I've run into a curious issue - apparently some Node.js module have so deep folder hierarchies that Windows copy command (or PowerShell's Copy-Item which is what we're actually using) hits the infamous "path too long" error when path is over 250 chars long.

For example, this is a folder hierarchy that a single Node module can create:


It seems insane but is a reality with Node modules.

We need to use copy-paste during deployment (we're not using a "clever" target platform like Heroku where Git deployment would be an option) and this is a serious limitation on Windows.

Isn't there a npm command or something that would compact the node_modules folder or maybe include only what's actually necessary at runtime? (Node modules usually contain test folders etc. which we don't need to deploy.) Any other ideas how to work around it? Not using Windows is unfortunately not an option :)

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    Does your project have a package.json with dependencies set? If so, could you copy without node_modules and use npm to install or update the dependencies? – Jonathan Lonowski Nov 10 '12 at 1:56
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    @JonathanLonowski Our deployment environment doesn't support executing npm install in the target environment, it works by creating a "deployment package" locally (basically a ZIP plus some metadata) which is then uploaded to the target machine, extracted there and that's it. So I need to include node_modules directly. – Borek Bernard Nov 10 '12 at 10:42

npm v3(released recently) solves this issue by flattening out the dependencies.. Check the release notes here in https://github.com/npm/npm/releases/tag/v3.0.0 under flat flat section.

And the last comment on this issue https://github.com/npm/npm/issues/3697


just to add to this... another thing that helped me was listing out all installed modules with npm ls.

which will give you a tree of modules and versions... from there it's pretty easy to identify which ones are duplicates... npm dedupe didn't do anything for me. I'm not sure if that's a bug or what (Node v 10.16)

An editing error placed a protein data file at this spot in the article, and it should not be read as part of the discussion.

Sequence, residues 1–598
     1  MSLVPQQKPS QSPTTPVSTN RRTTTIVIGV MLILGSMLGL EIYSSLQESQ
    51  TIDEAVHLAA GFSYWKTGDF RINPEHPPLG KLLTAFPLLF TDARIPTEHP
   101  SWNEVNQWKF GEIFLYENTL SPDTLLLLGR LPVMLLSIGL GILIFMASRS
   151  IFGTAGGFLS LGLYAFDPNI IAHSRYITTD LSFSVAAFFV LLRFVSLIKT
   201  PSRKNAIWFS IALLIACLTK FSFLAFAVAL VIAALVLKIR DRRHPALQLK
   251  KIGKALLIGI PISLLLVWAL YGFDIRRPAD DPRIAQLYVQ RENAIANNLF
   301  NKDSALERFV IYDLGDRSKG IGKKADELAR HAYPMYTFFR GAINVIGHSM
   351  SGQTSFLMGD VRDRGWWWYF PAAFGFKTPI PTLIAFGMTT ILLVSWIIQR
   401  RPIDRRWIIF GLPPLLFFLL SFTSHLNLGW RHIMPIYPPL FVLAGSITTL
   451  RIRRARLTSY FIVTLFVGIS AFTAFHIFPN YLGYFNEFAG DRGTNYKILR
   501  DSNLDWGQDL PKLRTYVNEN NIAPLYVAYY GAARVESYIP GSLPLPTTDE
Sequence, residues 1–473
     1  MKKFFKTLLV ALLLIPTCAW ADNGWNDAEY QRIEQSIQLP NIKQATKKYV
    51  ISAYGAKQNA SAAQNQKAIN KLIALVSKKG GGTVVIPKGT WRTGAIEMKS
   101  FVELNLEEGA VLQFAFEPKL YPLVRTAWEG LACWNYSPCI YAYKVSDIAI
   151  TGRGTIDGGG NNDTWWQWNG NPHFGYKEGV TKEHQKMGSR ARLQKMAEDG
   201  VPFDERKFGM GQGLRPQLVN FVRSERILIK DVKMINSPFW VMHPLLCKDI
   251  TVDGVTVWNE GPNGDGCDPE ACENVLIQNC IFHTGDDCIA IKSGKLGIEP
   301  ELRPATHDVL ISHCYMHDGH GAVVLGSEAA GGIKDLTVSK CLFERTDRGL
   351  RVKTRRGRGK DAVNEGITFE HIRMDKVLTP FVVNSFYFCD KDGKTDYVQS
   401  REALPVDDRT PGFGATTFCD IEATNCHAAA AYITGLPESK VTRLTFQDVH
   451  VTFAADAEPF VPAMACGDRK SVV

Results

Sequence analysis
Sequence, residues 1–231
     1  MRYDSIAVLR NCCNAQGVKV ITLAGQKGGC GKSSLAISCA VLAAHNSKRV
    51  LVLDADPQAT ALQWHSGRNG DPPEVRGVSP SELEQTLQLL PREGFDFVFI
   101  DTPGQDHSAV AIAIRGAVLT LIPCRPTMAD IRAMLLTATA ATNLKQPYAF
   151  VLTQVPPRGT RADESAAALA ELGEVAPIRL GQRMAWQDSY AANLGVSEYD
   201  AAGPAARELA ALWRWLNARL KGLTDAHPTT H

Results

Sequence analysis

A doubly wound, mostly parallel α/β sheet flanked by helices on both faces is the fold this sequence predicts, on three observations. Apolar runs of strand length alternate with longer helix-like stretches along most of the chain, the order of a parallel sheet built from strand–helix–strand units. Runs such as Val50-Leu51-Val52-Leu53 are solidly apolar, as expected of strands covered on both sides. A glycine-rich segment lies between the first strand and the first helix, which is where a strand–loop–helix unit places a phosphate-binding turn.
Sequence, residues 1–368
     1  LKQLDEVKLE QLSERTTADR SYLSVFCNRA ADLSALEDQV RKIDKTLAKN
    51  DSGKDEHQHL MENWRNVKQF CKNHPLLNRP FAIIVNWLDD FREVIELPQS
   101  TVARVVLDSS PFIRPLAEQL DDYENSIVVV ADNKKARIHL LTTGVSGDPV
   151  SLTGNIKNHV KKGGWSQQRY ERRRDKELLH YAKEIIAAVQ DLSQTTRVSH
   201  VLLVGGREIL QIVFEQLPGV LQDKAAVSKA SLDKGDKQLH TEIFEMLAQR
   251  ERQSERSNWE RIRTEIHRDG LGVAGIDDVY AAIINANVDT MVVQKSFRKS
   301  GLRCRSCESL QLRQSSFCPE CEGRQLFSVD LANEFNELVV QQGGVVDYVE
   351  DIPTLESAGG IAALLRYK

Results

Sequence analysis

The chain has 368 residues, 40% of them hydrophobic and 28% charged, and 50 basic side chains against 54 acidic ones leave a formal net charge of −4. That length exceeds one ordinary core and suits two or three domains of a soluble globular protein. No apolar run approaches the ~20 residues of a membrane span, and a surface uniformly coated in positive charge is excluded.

So once you identify a duplicate module install it to the root node_module directory by using npm install dupemodule@1.2.3 --save-dev. The version is important.

after that, I wiped out my node_modules directory and did a fresh npm install.

Short version

  1. npm ls to get a list of all installed modules.
  2. look through those modules and identify duplicate modules (version is important)
  3. npm install module@version --save-dev to install those modules in the root node_modules directory and update package.json.
  4. rmdir node_modules to delete the node_modules directory.
  5. npm install to pull down a fresh copy of your dependencies.

Once I did that, everything was much cleaner.

I also recommend commenting your package.json file to show which ones were brought down to flatten the node_modules tree.

  • This worked great for me. Thank you! Forgive my ignorance, but why aren't modules always installed at the top level? – Caleb Nov 14 '13 at 15:50
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    @Caleb probably because different modules rely on different versions of the same module, or maybe just because it's easier to just to get whatever's needed, then factor it down... I dunno. – Ben Lesh Nov 14 '13 at 15:53
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    Regardless, thanks for the tip. I just blew away about 1700 duplicate files from our project. Deleting things is my favorite part of being a developer! Also, for anyone looking into how to add comments to package.json, here's your answer: stackoverflow.com/questions/14221579/… – Caleb Nov 14 '13 at 15:55
  • github.com/joyent/node/issues/6960 node guy says that Windows is first-class citizen. They said. But they closed the issue and nothing fix. Lucky Windows users. – vee Nov 10 '14 at 2:24

I don't think there's any great solution given your constraints, but here are some things that may help.

  • Try using npm dedupe to optimize your directory hierarchy which may shorten some paths
  • Use npm install --production to install without the development tools
  • Take some of those deeply nested dependencies (just enough to avoid the problem, I suggest) and move them to the top-level node_modules directory. Just keep track of them so you know which are your true dependencies and which are workarounds for this problem.